written by j. leigh and megan o’shea
original publication on deviantart.com: click here
It swirled, in and out, fluid as a current of air sweeping along a velvet cloth. There were stars that disrupted the blackness, but they were distant, faint, barely a dotted pinprick within its endless sea. Na’sheen floated along with the current of the night, for there was a current- it carried her along its undisclosed route, her body no more that a passive passenger to its will. No up, no down, she thought absently, her ermine eyes closed to the dark. Hair merely a shade lighter than the black she floated aimlessly in swirled about her serene face, the strands caressing her solid features no irritant, but more a comforting companion. I wonder, she breathed, then let the thought float away with her cares, slowly ebbing into the black, perhaps one far day to reach the distant stars. I am one.
And yet not.
Her eyes opened. A shining dagger-wound of moon stood outlined against the darkness, its light clear and jarring. Hurtful. Soft fronds of grass brushed feather-light against her bared arms and wind whispered pitiless past her ears. Her body prickled.
Something was wrong; the heaviness in her limbs, the weight bearing down on her chest, this was not supposed to occur. The fluidity faded, gained clarity, and the stars sharpened. Her head ached, a steady, pounding rhythm that hammered with each pulse of her heart.
Have I returned? Her breath caught in her throat. Darker than the sky came ideas of failure, running rampant through her mind, mocking with soft, pitying smiles she had seen before in a time and place that should have had no sway here. She sat up, slow, careful, mindful that the world around her could at any moment shatter like porcelain.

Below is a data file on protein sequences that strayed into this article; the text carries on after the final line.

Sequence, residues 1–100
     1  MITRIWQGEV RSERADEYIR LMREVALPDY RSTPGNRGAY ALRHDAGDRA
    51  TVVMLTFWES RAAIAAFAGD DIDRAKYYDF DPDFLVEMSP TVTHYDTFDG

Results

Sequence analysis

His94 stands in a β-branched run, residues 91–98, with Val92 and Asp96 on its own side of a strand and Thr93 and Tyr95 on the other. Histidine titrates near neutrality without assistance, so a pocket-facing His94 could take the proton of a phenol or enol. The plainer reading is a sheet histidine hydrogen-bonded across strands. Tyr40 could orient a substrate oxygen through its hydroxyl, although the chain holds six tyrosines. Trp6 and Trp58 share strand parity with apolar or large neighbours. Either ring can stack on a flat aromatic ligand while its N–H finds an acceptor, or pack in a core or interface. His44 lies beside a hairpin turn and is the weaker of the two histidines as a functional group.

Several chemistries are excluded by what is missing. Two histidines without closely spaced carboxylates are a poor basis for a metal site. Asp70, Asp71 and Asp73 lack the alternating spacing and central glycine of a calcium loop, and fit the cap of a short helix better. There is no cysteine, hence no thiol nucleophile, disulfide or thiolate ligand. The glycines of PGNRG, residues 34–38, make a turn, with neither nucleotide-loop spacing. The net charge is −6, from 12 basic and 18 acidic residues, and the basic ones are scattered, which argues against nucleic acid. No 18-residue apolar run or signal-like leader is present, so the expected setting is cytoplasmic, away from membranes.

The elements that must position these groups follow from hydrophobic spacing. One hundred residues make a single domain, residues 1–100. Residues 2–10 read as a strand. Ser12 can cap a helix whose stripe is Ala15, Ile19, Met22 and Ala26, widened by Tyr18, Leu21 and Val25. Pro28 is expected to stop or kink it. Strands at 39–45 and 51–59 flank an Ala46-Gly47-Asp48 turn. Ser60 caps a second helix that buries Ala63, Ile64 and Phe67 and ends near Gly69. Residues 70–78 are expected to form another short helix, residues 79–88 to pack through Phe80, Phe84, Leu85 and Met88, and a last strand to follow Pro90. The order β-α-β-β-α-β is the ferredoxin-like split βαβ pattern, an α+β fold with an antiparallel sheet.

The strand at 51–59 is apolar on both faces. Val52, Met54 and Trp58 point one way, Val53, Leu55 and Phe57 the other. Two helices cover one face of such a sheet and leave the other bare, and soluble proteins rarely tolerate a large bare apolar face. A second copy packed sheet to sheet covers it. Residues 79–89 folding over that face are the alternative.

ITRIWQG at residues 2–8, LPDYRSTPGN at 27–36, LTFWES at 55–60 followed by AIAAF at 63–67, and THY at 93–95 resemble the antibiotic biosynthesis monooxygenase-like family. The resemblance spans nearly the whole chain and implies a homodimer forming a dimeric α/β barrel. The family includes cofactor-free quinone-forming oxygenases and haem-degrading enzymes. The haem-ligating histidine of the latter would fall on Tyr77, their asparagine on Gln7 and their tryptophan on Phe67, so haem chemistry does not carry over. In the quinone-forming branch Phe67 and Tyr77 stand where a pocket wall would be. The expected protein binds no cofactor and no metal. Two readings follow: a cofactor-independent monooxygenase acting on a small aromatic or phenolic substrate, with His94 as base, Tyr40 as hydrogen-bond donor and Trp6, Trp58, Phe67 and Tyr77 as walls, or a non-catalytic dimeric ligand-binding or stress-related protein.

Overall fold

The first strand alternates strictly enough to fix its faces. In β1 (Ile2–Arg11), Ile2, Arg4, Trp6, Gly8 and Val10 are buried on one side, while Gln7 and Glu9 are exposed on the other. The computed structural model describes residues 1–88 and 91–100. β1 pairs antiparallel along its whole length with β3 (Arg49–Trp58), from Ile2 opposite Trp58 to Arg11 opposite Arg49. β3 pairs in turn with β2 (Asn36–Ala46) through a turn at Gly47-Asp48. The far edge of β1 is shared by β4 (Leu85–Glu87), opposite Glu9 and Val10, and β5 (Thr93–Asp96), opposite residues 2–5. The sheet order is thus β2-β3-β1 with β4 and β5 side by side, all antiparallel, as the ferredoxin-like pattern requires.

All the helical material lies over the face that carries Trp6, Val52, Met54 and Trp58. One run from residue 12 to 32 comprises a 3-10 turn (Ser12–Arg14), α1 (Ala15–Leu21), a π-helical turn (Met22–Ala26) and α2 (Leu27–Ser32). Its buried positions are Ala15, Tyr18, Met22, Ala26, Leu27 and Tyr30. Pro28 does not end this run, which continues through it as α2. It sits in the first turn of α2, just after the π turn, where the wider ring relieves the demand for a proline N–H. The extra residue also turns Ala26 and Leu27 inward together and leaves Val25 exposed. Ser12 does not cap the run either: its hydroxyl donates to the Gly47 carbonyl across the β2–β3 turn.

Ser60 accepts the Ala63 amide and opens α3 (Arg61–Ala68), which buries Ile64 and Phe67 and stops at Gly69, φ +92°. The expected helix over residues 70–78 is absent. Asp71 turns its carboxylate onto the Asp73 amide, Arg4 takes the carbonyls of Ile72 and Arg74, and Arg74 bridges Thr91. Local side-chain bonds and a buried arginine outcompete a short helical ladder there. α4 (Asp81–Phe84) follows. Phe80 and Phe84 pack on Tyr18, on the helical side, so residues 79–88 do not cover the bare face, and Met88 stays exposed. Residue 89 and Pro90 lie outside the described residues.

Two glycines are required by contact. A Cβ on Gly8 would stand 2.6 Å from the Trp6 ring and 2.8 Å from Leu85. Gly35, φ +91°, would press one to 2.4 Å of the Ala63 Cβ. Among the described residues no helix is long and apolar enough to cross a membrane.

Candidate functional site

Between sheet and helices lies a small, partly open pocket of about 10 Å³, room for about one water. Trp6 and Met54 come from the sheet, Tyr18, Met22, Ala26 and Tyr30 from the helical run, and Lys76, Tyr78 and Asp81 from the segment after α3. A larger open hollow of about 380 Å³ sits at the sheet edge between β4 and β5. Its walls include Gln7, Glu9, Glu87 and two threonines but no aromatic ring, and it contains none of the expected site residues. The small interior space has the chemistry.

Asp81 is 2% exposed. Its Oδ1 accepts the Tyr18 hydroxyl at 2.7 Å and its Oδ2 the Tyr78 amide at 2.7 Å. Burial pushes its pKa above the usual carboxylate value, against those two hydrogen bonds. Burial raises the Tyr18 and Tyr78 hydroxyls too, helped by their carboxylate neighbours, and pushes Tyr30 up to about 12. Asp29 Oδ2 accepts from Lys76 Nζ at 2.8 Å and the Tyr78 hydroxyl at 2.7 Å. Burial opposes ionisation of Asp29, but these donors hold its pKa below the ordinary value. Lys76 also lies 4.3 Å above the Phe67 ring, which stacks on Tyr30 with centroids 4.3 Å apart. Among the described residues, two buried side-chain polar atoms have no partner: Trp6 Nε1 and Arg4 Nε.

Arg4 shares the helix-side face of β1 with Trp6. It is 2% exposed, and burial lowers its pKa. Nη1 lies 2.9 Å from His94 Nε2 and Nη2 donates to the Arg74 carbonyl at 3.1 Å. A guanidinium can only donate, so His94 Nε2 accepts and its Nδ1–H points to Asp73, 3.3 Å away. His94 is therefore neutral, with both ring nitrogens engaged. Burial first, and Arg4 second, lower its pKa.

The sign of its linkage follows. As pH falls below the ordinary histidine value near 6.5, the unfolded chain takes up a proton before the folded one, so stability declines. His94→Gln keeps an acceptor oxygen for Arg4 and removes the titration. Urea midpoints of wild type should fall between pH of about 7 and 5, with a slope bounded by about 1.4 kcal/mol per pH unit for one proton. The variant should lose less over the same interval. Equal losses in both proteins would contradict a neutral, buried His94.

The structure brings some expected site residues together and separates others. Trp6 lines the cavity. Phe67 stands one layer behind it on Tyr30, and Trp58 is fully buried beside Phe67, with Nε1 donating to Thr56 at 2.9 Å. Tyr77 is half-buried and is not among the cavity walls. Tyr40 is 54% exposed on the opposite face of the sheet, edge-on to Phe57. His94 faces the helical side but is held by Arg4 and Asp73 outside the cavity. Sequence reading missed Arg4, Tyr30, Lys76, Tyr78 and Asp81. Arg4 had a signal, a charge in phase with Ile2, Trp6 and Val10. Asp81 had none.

“Someone,” a voice behind her hissed, “hasn’t gotten as far as she might have liked, has she?”
Her blood solidified for a long moment, the confident answer she had hoped to give catching bladelike in her throat.
“No need to answer.” The tone behind her was soft, smug. “The very fact you’re here where I can find you is enough.”
“You are not here,” she whispered, the breath of the statement giving her strength. Clarity began to shiver once more in her body, diffusing the cold fear of the other. Her voice returned, strong this time and with conviction, “You are a merely a memory of what once was. You are gone, exorcised long, long ago. You cannot hurt me, shadow.” Her eyes found their lids again, “That old fear is past.”
“But if I am the past, why then am I here in the present?” The thing answered with heart-sinking strength, a flicker of cold fire gaining might from the small shred of what had been. She could feel it searching her innards, could feel it feeding from that one incident, that time when—
“That was none of my doing.” Resolve to end conversation ebbed as recollections of blood, of screams, of agony, flowed and trembled around them, alive again. A child’s open and sightless eyes stared from the bloody and shredded remains of what had been a face. A woman, ribs white against the great cavity where a heart had been. A man, screaming voiceless to an uncaring heaven while his soul became a plaything…
“War is never the doing of one man—I apologize, of one man or woman, alone.” Relish suffused the being’s observation.
“I was a different person then, as most of my acquaintance were,” she shot back. “If they were capable of overcoming their shortcomings, so too am I.”